Sensitivity to phonological, morphological, and semantic cues in early reading and writing in Hebrew

Iris Levin, O. Korat

    Research output: Contribution to journalArticlepeer-review

    Abstract

    Emergent literacy in Hebrew was studied by analyzing the attempts of nursery children and kindergartners to write and read pairs of nouns. The noun pairs were selected to represent differences along the linguistic dimensions of phonology (length of syllables), semantic content (e.g., individuals vs. plurality), and morphological complexity (mono- vs. bimorphemic words). Children of both age groups exhibited sensitivity to all three linguistic dimensions by writing longer those words that sounded longer, denoted more objects, and were composed of more morphemes. With age, children's sensitivity to phonology increased and sensitivity to semantics decreased, and both these sensitivities played a greater role in literacy acquisition than did sensitivity to morphology. Consideration of multiple cue systems was found to be both wide-spread and prolonged developmentally.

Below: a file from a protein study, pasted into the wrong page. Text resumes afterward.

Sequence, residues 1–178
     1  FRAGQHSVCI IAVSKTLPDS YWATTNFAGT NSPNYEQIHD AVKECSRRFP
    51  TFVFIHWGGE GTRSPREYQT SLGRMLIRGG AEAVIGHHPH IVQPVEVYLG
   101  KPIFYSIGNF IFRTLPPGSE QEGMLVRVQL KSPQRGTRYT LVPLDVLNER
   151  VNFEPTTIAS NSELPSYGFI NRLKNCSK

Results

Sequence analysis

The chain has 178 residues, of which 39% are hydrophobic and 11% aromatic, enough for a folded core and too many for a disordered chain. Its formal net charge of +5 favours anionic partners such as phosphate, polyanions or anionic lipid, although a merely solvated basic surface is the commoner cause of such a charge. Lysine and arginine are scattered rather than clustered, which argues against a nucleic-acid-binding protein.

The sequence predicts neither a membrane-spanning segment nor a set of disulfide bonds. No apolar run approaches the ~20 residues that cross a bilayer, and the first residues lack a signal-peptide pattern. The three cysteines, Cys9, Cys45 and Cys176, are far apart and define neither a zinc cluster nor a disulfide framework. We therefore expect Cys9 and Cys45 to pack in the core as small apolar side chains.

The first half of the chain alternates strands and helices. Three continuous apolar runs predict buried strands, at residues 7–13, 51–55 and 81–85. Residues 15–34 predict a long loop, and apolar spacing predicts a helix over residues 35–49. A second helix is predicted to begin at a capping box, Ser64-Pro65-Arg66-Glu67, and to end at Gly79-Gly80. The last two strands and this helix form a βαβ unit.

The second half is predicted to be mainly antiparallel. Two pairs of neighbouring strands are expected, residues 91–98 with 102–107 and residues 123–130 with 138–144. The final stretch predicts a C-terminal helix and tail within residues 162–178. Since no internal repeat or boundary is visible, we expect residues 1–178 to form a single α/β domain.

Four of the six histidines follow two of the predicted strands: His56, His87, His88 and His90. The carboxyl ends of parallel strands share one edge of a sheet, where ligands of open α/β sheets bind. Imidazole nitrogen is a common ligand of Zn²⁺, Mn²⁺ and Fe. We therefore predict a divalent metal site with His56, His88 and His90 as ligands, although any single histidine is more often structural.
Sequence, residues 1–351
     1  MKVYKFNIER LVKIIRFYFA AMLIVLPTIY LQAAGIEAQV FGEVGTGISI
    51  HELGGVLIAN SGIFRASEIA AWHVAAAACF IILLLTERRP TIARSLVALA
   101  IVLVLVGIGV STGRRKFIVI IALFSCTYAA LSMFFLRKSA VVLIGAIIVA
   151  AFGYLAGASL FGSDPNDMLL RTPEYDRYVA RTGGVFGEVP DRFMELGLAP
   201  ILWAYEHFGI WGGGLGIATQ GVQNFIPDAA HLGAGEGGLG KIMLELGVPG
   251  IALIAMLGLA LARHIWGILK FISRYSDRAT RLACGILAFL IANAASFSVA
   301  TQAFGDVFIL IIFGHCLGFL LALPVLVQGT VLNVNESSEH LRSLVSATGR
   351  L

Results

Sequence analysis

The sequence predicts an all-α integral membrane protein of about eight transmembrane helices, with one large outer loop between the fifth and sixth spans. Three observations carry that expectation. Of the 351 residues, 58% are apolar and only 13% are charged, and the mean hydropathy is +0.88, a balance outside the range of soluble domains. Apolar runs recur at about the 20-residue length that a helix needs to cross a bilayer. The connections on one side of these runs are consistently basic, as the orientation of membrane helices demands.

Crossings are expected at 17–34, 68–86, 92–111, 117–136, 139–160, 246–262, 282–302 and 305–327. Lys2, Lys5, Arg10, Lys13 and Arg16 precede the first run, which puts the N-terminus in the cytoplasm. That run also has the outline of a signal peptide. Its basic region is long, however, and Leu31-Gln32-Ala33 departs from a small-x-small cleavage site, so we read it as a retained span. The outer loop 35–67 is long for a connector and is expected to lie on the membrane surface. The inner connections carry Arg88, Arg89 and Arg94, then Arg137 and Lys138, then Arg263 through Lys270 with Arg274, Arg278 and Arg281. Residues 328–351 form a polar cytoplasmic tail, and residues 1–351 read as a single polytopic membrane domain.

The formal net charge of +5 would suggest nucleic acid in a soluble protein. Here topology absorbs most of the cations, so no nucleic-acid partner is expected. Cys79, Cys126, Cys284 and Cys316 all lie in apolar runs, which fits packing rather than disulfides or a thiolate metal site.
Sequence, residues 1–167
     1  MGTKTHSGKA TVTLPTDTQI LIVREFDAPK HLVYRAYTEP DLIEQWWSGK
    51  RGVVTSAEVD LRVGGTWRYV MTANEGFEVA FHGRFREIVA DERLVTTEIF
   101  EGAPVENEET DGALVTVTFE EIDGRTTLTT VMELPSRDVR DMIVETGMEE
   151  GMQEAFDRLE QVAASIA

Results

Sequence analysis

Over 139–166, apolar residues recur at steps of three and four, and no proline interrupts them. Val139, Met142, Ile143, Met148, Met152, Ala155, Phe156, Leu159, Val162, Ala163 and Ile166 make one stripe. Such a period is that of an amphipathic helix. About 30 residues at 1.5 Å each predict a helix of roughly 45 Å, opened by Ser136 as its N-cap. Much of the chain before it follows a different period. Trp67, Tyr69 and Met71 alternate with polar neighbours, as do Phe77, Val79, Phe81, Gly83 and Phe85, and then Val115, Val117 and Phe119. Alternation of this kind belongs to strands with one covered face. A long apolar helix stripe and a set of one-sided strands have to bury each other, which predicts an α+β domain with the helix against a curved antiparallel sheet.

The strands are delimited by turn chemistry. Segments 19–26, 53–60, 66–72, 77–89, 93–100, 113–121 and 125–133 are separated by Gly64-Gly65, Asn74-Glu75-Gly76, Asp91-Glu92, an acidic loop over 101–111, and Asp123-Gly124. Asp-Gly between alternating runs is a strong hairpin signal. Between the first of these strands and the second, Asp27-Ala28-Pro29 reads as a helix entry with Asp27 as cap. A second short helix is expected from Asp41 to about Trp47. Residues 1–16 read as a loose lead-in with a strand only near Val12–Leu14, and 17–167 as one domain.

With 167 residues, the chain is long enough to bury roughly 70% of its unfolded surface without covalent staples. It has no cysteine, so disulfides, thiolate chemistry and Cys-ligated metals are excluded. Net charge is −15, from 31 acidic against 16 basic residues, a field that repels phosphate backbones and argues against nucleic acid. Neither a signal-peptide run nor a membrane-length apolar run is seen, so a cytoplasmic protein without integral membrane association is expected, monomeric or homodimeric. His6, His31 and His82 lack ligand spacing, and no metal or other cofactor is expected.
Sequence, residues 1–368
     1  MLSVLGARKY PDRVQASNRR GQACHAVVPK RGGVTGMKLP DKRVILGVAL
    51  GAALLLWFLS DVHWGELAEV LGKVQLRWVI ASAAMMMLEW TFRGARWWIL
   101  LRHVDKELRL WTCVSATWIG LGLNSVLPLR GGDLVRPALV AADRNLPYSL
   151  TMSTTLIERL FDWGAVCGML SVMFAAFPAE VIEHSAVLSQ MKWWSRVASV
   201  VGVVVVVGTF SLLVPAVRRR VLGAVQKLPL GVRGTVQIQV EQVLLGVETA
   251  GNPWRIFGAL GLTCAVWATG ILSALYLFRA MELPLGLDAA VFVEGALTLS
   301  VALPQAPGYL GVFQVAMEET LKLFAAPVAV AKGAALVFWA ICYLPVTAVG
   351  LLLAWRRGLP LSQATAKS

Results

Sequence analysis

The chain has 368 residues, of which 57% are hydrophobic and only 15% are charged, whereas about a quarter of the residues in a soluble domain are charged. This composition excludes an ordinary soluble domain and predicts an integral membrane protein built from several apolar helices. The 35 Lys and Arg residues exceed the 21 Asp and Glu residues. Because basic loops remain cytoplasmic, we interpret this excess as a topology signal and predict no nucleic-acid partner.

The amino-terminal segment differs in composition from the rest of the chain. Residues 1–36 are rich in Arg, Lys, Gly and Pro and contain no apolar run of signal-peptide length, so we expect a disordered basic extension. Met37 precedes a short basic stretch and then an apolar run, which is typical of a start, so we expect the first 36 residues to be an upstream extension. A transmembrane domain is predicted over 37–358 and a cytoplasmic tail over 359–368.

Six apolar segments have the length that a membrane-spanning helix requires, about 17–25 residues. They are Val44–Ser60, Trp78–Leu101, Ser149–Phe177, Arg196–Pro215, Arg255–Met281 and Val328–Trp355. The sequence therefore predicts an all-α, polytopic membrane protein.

Original languageAmerican English
    Pages (from-to)213-232
    JournalMerrill-Palmer Quarterly
    Volume39
    Issue number2
    StatePublished - 1993

    Fingerprint

    Dive into the research topics of 'Sensitivity to phonological, morphological, and semantic cues in early reading and writing in Hebrew'. Together they form a unique fingerprint.

    Cite this